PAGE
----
Dynamic Earth

Movements of the Earth's crust cause changes in coordinate reference systems. Significant changes in the mass of glaciers and flows in the Earth's mantle have an impact on the global climate, glaciers and sea level. Measuring and understanding these phenomena requires modern measurement techniques and long time series. Nuclear safety, flood protection and the development of urbanisation are examples of changes occuring around us at a local level. Analytics and visualisation of continuous factors of change are important to the understanding of these phenomena.

FGI's key operations include reference systems, measurements, measurement quality control, the development of measurement techniques and studying and modelling the processes of change. Uniform coordinate reference systems, satellite positioning and modern communications technology have made possible the use of spatial data and promoted business activity in the field. As the use of spatial data keeps increasing, it sets ever greater demands on the reliability of the reference frames, updating frequency and accuracy of spatial data and the monitoring of changes in such data as time goes on.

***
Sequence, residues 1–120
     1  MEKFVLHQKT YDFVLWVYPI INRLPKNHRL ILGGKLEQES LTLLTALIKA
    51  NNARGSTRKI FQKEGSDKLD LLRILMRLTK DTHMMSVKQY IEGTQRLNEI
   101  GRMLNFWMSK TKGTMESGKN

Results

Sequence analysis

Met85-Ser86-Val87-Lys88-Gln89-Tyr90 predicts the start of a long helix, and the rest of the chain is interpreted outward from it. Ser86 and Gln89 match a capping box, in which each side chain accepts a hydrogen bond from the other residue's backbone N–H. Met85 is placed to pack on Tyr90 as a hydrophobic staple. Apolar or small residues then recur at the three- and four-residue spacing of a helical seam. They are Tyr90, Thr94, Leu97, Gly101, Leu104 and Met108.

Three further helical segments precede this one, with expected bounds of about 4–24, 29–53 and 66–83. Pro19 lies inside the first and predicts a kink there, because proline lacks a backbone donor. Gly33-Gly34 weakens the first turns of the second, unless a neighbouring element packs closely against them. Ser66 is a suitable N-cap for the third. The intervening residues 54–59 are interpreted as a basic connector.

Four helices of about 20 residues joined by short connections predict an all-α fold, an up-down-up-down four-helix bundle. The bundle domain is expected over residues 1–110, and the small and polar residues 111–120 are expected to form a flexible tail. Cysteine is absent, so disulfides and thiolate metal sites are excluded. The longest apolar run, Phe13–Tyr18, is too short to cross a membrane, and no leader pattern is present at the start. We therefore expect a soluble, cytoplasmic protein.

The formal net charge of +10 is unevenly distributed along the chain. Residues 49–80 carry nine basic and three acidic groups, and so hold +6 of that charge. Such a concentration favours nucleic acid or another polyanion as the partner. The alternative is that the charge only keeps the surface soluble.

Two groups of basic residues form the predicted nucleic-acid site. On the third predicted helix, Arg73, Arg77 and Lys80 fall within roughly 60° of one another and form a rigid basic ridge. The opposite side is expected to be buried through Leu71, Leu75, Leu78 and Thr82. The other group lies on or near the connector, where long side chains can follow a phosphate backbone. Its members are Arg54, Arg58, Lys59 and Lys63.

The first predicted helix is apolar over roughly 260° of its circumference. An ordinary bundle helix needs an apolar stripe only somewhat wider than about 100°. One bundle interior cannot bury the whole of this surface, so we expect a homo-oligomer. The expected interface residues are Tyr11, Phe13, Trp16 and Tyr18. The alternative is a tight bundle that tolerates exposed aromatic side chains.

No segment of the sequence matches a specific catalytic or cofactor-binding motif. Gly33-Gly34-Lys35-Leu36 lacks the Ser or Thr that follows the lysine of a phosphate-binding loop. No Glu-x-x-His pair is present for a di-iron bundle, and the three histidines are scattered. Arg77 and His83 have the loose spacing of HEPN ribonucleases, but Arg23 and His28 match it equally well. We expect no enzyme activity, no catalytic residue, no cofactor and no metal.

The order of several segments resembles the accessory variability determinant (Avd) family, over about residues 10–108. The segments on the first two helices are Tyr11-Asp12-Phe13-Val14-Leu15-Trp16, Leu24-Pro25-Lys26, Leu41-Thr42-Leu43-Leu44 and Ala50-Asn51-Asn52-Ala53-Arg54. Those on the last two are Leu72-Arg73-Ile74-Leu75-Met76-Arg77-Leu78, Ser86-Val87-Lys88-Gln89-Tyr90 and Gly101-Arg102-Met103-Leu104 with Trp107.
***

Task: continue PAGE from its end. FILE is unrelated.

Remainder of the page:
Central themes of this core competency are:

  • Spatial data metrology
  • The development of the Finnish coordinate reference system, height system and gravity system
  • Time management in spatial data systems
  • Precise measurements and positioning
  • The development of the Metsähovi research station as a part of the international network of fundamental stations
  • Changes in land use
  • Land uplift, deformation of the Earth's crust and deformation models
  • Sea level changes
  • Measuring the Earth Orientation Parameters (EOP) and their temporal variation
  • Temporal and spatial changes of gravity
  • The environment and related security applications
  • National laser scanning and related technology
  • Map updating
  • Satellite, aerial photography and laser scanning time series and change detection and interpretation
  • Connecting 4D measurements to climate research